Scientists have long debated whether there was a cap to the age limit of humans and some have now settled on around 115 years old as the “ceiling” to human aging. 

This prediction was published in the journal Nature by Dr. Jan Vijg and his team at the Albert Einstein College of Medicine, however many leading scientists disagree that we can predict a human age limit.

Vijg and his colleagues studied the trend of centenarians in several countries to come to their conclusion. Vijg, for example, states that in the 1990s, the fastest growing group of Frenchwomen were those aged 102. If the human lifespan was increasing, he argues, 110-year-olds would be the fastest growing group of women in France, which it is not.

However, Vijg and his team found that the trend of a growing group of centenarians has stopped in not only France, but in 40 other countries around the world.

He asserts that the trend toward living to over 100 began sometime in the 1980s, where the trend continued, but tapered off sometime in the 2000s. Vijg says that he feels that this means humans are approaching their upper age limit, which is why there is no marked increase in age from the 1990s.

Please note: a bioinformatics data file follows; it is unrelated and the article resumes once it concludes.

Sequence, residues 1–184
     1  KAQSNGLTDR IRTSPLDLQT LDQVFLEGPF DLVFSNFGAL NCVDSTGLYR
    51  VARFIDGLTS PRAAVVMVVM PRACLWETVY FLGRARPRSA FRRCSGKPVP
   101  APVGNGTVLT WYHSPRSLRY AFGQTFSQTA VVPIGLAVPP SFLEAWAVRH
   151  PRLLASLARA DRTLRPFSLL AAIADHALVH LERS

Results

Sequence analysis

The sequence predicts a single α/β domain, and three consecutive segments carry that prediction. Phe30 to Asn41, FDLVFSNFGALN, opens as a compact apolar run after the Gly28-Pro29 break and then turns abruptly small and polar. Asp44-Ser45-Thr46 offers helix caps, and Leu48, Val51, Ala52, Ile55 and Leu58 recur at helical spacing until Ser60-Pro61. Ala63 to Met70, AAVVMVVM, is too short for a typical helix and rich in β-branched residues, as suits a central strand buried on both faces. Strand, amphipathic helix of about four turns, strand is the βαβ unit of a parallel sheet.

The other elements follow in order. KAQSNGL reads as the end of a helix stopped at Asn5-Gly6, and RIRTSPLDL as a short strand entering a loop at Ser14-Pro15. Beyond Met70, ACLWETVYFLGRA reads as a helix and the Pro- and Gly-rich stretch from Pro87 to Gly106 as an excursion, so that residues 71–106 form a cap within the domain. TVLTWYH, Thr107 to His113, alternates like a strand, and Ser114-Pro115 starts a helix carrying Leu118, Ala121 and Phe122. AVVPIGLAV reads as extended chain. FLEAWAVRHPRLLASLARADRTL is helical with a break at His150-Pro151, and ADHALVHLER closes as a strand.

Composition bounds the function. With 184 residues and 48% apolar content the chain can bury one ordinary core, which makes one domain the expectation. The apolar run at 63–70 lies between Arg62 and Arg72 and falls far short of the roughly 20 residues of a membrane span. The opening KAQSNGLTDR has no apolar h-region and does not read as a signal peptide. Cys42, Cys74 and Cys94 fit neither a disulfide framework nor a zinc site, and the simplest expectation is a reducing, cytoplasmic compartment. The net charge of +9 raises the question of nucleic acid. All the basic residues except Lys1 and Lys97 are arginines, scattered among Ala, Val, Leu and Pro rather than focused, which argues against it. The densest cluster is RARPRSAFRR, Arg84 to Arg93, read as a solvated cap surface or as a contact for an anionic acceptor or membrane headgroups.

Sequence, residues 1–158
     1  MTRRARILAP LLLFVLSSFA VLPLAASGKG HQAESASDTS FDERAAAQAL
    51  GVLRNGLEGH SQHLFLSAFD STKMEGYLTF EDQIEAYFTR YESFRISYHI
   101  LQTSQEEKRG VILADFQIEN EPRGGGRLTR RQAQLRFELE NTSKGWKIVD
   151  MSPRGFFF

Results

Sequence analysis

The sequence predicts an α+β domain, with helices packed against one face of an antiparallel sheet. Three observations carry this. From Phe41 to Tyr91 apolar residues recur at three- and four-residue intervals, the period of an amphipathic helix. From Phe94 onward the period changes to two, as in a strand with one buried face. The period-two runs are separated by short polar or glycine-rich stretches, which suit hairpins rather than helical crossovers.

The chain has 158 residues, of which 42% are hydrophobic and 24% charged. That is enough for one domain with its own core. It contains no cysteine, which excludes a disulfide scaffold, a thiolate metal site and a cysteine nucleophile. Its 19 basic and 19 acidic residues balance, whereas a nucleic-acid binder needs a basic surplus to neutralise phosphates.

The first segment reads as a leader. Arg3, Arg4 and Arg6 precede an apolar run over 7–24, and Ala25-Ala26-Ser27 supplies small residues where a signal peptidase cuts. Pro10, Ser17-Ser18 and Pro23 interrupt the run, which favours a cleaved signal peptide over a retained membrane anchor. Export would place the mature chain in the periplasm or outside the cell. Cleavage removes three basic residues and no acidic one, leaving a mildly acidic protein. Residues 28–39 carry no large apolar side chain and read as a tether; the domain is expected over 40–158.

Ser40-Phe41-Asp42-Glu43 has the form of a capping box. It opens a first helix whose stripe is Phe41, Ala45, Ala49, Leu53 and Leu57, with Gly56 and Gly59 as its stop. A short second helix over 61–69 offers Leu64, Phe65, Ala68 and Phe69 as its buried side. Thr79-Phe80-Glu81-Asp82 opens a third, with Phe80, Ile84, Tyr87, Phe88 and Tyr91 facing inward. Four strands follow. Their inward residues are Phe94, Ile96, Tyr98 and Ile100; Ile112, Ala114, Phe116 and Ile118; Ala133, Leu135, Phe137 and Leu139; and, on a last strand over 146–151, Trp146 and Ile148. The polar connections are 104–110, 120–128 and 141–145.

For the research, Vijg and his team shifted through birth and death data from the 1960s onward. In 1968, the world’s oldest recorded person died at age 111. In the 1990s, a few people lived to be 115, a trend which seems to have lost steam. In the 1990s, however,  a Frenchwoman that passed away at the age of 122, but she is an incredible exception.

Since then, he asserts, no one has lived past the age of 115, which Vijg believes is the natural cap for a human lifespan.

He says of his conclusion:

“You’d need 10,000 worlds like ours to have the chance that there would be one human who would become 125 years.”

And while Vijg’s evidence is compelling, he does have his critics.

James W. Vaupel, the director of the Max-Planck Odense Center on the Biodemography of Aging rejects the notion that there is an upper age limit, basing his data on the fact that the human lifespan has continued to increase rapidly over the past century.

According to Vaupel, in 1900, a child born in the United States had an average life expectancy of just 50 years old. Now, children in the US are expected to live to at least 79.

Vaupel had a few harsh words for Vijg’s journal entry:

“It is disheartening how many times the same mistake can be made in science and published in respectable journals.”


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